Get Your K
Vitamin K, once thought important primarily for blood clotting, may have a much wider array of health benefits. A recent Spanish study, published in reported that people who increased their K1 (the most common form of vitamin K) intake were at a 48% lower risk of cardiovascular mortality, 36% lower risk of cancer mortality, and 43% lower risk of all-cause mortality. If you’re not already consuming plenty of vitamin K – found in dark leafy greens, broccoli, Brussels sprouts and other vegetables (see box) – it’s not too late to start.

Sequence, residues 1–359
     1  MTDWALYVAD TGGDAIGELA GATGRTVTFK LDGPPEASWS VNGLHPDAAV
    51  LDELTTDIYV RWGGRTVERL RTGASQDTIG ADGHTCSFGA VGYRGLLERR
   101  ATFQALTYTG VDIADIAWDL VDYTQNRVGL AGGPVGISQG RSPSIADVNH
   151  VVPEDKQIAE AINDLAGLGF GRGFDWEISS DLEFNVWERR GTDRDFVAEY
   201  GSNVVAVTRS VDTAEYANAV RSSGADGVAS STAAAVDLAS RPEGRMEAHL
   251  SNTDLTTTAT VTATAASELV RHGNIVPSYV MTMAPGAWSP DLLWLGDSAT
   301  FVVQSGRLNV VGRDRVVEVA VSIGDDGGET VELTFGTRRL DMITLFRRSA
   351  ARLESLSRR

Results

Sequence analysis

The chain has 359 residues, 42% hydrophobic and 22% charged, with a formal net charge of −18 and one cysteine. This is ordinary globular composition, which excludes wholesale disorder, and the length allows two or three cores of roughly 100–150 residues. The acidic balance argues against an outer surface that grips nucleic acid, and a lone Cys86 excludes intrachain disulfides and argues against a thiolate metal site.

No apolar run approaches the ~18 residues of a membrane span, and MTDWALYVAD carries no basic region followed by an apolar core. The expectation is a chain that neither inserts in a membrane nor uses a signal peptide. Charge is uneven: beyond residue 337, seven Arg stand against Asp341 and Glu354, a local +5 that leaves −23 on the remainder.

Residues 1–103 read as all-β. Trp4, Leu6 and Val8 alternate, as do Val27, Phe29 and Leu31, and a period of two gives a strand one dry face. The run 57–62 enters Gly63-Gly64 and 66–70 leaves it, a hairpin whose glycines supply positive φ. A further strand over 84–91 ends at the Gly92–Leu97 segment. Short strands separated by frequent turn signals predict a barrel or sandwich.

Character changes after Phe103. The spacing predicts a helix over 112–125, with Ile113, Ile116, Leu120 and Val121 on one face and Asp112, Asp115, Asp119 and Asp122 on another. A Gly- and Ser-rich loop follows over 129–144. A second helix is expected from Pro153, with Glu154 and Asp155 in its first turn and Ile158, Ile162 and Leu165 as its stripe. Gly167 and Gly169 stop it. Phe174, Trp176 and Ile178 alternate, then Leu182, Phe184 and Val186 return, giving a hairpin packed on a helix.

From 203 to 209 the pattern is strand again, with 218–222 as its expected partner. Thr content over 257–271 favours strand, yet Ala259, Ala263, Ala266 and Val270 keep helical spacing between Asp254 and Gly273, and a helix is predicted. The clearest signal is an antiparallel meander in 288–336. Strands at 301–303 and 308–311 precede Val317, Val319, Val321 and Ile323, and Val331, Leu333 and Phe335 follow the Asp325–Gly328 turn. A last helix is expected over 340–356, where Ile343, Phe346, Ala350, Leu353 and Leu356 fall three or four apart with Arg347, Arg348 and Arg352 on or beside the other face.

Food sources of K1, the most common dietary form of vitamin K, include: Mustard greens, ½ cup, cooked – 415 micrograms Turnip greens, ½ cup, cooked – 265 micrograms Spinach, 1 cup, raw – 145 micrograms Kale, 1 cup, raw – 110 micrograms Broccoli, ½ cup, cooked – 110 micrograms Brussels sprouts, ½ cup, cooked – 109 micrograms
(The recommended daily allowance for vitamin K, supposedly, is 85 micrograms.)